After recently opening a restaurant you receive a letter from a customer seeking compensation for food poisoning he claims to have suffered after eating your food.
If a customer has suffered food poisoning from eating a meal in the restaurant, he may be able to bring a claim for damages against you for any injury suffered and loss caused. But for such a claim to be successful, the customer must be able to demonstrate that he suffered food poisoning caused by the meal eaten, a very difficult hurdle to overcome.
In addition, the Food Safety Act 1990 governs this situation from a criminal and regulatory perspective. The act sets out basic standards with which all food must comply. The act is backed up by a number of regulations which contain much more prescriptive requirements. Breaches of the act or the regulations could lead to a criminal prosecution being brought by the local authority or to other enforcement action being taken. Offences under the Food Safety Act are subject to a due diligence defence, ie, that all reasonable steps had been taken to avoid the offence being committed.
You should treat the allegations seriously and carry out an investigation into the incident. You should also ask the customer to provide you with a copy of a doctor's report confirming the symptoms and indicate to him that an investigation is being carried out into the matter.
The investigation should consider whether any other complaints were received either generally or specifically in relation to the dishes that the customer ate. All kitchen records should be checked to ensure that food has been stored, handled and cooked properly.
Once the investigation has been carried out the customer should be advised of the findings and, if there's no evidence to support the allegations, liability should be denied. Sometimes commercially, however, it may also be appropriate to offer a free meal as a goodwill gesture.
If the complaint is justified then legal advice should be sought regarding the appropriate level of compensation. It may be possible to recover compensation from suppliers.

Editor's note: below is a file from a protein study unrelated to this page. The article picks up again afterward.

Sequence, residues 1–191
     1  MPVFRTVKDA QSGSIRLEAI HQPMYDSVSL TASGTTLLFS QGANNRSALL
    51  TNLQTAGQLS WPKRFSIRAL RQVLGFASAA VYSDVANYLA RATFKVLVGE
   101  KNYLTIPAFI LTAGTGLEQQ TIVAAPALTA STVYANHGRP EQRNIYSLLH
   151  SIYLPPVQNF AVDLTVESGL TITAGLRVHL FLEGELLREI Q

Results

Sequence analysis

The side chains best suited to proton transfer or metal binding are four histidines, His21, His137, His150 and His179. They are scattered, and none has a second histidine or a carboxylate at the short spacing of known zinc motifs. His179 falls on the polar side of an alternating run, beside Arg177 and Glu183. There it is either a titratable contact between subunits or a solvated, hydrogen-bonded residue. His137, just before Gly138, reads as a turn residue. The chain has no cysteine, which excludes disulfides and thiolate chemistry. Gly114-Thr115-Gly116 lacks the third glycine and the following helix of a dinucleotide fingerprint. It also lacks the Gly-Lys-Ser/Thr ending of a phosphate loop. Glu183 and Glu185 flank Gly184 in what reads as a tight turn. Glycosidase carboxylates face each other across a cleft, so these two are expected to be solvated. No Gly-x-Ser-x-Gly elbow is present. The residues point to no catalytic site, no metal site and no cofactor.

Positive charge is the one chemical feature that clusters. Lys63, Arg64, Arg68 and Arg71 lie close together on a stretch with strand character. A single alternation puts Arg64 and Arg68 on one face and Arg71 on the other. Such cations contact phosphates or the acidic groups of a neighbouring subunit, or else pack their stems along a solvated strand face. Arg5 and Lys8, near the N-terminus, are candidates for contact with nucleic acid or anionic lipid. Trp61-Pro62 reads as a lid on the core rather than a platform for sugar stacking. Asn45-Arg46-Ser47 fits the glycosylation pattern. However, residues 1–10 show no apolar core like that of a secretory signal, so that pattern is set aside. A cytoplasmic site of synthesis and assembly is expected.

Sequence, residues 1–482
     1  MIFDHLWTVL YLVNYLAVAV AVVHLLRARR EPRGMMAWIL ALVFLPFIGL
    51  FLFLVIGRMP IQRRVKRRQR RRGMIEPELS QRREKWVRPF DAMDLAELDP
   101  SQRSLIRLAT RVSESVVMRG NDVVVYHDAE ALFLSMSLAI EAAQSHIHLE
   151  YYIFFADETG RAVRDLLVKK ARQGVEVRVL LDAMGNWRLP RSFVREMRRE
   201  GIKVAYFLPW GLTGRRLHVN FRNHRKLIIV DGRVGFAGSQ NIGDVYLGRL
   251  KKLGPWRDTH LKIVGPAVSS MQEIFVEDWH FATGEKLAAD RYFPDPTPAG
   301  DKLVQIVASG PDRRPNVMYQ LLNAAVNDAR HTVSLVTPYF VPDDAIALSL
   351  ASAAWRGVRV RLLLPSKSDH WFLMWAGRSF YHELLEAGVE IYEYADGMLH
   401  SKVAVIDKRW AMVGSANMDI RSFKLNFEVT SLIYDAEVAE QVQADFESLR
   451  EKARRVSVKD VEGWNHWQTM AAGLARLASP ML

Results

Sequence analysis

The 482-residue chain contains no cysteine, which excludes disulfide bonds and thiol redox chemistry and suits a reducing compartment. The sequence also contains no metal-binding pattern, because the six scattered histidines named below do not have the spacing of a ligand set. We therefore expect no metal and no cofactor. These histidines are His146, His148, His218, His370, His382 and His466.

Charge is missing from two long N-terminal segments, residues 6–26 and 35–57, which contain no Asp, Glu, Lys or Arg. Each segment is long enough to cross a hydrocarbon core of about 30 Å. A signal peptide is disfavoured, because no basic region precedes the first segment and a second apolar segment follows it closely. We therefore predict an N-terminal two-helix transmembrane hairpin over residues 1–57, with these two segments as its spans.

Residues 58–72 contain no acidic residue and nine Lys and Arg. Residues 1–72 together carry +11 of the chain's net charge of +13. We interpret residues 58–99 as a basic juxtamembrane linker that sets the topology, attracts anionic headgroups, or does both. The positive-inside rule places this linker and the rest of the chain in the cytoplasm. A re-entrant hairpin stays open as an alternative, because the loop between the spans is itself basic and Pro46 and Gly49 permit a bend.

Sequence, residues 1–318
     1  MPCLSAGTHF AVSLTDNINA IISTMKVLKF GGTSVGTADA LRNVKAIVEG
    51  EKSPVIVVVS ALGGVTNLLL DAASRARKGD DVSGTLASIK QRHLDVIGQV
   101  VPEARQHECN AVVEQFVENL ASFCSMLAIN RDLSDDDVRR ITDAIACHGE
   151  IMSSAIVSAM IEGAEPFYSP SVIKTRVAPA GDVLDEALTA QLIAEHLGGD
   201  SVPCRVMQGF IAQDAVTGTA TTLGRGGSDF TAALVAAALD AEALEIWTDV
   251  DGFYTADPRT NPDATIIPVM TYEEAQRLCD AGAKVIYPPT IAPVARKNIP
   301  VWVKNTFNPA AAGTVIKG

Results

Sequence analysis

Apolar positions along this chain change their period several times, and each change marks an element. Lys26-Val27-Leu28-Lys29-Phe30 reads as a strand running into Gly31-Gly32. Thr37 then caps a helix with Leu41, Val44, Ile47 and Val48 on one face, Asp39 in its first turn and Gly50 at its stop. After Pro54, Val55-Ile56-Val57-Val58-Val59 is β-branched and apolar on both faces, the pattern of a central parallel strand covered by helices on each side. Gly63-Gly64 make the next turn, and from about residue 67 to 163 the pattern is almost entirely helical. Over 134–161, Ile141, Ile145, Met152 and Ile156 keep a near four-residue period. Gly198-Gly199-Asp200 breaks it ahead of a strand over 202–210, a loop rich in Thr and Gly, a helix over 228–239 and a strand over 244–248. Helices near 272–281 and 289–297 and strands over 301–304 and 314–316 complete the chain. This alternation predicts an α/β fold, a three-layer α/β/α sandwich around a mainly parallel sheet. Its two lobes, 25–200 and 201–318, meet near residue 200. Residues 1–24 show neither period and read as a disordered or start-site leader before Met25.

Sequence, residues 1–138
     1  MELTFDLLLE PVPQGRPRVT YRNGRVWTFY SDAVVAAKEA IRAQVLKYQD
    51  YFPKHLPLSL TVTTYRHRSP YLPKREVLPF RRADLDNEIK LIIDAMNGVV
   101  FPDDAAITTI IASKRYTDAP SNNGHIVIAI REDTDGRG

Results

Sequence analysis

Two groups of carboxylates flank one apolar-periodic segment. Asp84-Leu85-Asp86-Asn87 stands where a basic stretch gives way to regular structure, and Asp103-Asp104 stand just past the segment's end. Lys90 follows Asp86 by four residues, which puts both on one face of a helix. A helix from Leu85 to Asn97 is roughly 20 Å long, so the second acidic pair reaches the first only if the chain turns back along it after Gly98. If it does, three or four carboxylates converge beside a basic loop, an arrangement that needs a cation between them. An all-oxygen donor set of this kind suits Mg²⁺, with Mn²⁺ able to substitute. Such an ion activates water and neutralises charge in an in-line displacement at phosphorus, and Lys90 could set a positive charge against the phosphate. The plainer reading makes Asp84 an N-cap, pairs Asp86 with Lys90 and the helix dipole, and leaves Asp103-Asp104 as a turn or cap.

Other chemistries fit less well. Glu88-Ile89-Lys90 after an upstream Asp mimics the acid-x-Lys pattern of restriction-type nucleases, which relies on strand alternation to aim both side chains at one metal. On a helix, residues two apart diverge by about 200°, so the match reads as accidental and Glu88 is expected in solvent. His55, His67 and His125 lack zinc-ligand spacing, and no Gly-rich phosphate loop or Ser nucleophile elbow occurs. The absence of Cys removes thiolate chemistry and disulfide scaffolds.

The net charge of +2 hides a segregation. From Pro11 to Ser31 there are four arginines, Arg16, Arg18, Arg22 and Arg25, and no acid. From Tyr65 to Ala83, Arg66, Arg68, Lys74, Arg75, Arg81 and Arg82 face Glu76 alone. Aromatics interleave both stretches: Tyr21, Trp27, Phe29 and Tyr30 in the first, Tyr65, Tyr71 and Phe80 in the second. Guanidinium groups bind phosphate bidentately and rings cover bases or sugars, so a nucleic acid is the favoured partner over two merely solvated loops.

The Food Standards Agency states that at least half of all alleged food poisoning incidents aren't related to food but to some other cause. So unless an investigation indicates otherwise, it's unlikely that the customer's symptoms resulted from eating at your restaurant.
If the customer contacts the local authority then an environmental health officer may investigate the matter. This would involve a visit to the premises to look at the systems, procedures and training in place. Unless the customer kept a sample of the food, or there are lots of complaints with confirmed symptoms, it will be hard for the EHO to take any formal action. If an EHO becomes involved, professional advice should be sought.
Customers may seek to publicise such incidents through the media, so it's important that all complaints are investigated and dealt with in a prompt and thorough way. You should have a procedure for responding to the media to protect the reputation of the business when allegations are made.
Members of staff who initially deal with complaints may try to be helpful and sympathetic to customers to resolve the complaint, but care needs to be taken to ensure that liability is not admitted before an investigation is carried out.
If an EHO visits the premises as a result of a complaint and wishes to interview members of staff, seek legal advice immediately.
- Ensure you have a documented HACCP system.
- Kitchen staff should be fully trained and hold appropriate food hygiene qualifications.
- Food and equipment suppliers should be audited.
- Keep temperature control records for storage, cooking and service of foods.
- Implement an audit system in respect of food safety, using consultants if necessary.
- Document everything you do and keep records.